I’m on the road as I post this, headed for Berkeley, California, where our son is entering graduate school; one of my sisters just moved across the way, to San Francisco. My wife and I are driving cross country from Ohio. An adventure! We’ve stopped for the night in Miami, Oklahoma, which is hot and crowded with casinos. I feel at home, though, because the folks are friendly and because my Mom was from Oklahoma. This afternoon in central Missouri I knew we were getting into the West because when we stopped in the backwater of Buffalo for a soda, I noticed in the McDonald’s a row of stools had real leather kids’ saddles for seats.

We reserved a modest vehicle for this trip, but the guy at the rental company said we’d probably be uncomfortable crossing the desert and might have difficulty getting over the mountains. In fact, he implied, we might die. So we rented, for only $20 more a day, a huge (to us) Lincoln Navigator. It is black, and terrifying. We feel like real Americans at last. But will we be safe in San Francisco ensconced in such an SUV? We look like Secret Service, or drug dealers. Or both.

I’m working on a book review on the road, and meantime here is a summer roundup of stuff I’ve found interesting.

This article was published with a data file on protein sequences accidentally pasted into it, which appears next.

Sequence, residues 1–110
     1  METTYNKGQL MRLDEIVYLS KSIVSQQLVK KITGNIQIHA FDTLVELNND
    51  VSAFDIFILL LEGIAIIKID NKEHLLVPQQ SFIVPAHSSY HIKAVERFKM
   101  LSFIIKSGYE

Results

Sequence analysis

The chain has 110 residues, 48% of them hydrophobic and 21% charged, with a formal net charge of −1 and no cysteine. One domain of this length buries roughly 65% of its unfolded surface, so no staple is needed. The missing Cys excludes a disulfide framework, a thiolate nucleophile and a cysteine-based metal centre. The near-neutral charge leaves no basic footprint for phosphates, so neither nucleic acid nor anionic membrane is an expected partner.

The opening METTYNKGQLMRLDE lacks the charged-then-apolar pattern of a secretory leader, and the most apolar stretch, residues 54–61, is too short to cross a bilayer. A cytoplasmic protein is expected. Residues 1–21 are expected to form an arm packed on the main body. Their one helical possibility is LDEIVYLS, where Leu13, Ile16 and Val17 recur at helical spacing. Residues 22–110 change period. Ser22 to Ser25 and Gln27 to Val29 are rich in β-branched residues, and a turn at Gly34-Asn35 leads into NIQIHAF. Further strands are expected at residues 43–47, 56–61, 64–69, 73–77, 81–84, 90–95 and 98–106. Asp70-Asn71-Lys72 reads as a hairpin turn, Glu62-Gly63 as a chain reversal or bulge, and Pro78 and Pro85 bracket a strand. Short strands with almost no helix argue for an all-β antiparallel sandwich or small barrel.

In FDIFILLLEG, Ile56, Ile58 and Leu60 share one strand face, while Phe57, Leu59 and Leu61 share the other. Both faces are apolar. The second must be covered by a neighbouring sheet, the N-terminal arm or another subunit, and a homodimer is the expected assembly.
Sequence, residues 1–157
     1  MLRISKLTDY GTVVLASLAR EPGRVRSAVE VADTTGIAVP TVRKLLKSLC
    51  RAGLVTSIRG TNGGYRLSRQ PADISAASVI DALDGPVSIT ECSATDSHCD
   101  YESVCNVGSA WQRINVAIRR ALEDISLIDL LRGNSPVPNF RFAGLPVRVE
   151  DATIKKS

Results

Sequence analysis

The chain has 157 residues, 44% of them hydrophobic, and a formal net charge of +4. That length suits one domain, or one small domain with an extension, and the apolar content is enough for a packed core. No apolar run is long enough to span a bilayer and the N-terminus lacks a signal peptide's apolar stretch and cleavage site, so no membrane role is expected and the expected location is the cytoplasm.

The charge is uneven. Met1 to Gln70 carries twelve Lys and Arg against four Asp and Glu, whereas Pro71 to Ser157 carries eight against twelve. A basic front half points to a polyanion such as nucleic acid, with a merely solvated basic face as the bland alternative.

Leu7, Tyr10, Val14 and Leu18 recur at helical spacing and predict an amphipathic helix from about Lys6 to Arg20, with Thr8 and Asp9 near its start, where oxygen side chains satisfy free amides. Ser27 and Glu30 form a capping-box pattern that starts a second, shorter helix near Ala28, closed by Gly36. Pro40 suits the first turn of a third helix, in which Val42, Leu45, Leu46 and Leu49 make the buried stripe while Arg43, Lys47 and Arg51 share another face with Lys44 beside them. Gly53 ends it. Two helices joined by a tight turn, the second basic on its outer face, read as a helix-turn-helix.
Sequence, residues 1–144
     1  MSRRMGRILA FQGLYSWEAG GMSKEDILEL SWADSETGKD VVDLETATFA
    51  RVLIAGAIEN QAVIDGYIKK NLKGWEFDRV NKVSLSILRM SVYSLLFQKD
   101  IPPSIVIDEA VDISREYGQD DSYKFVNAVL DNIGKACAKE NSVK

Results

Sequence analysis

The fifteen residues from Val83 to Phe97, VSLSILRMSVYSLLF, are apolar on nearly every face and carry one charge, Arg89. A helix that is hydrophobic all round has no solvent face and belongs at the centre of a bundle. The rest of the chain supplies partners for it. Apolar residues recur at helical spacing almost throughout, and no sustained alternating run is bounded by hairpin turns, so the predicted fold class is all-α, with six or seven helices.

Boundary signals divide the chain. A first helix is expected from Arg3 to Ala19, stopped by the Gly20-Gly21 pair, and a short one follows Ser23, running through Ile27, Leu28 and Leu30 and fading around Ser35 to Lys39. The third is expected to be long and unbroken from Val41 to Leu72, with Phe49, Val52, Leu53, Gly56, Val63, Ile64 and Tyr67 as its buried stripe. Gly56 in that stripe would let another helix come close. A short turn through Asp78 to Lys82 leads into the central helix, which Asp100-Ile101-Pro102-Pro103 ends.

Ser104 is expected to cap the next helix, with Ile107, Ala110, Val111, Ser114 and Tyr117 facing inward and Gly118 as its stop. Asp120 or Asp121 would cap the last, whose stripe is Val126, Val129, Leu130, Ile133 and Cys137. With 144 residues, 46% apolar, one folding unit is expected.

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James Thurber on memory & memoir

June 18, 2013 | 7 Comments

It is his own personal time, circumscribed by the short boundaries of his pain and his embarrassment, in which what happens to his digestion, the rear axle of his car, and the confused flow of his relationships with six or eight persons and two or three buildings is of greater importance than what goes on in the nation or in the universe. He knows vaguely that the nation is not much good any more; he has read that the crust …

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Noted: T. C. Boyle on creativity

June 3, 2013 | 10 Comments

In order to create you have to believe in your ability to do so and that often means excluding whole chunks of normal life, and, of course, pumping yourself up as much as possible as a way of keeping on. Sort of cheering for yourself in the great football stadium of life.” — T. C. Boyle, The Barnes & Noble Review